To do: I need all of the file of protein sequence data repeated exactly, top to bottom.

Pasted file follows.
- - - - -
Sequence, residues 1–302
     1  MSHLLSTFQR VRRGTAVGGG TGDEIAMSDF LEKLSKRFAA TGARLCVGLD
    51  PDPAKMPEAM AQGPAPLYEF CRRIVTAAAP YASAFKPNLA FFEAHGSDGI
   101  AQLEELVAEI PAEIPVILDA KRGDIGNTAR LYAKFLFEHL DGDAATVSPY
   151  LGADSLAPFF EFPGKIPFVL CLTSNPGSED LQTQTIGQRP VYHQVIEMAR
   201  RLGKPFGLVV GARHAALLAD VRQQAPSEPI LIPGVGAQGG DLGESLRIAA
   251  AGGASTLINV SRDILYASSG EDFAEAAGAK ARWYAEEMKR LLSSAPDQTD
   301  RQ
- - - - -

Sequence, residues 1–302
     1  MSHLLSTFQR VRRGTAVGGG TGDEIAMSDF LEKLSKRFAA TGARLCVGLD
    51  PDPAKMPEAM AQGPAPLYEF CRRIVTAAAP YASAFKPNLA FFEAHGSDGI
   101  AQLEELVAEI PAEIPVILDA KRGDIGNTAR LYAKFLFEHL DGDAATVSPY
   151  LGADSLAPFF EFPGKIPFVL CLTSNPGSED LQTQTIGQRP VYHQVIEMAR
   201  RLGKPFGLVV GARHAALLAD VRQQAPSEPI LIPGVGAQGG DLGESLRIAA
   251  AGGASTLINV SRDILYASSG EDFAEAAGAK ARWYAEEMKR LLSSAPDQTD
   301  RQ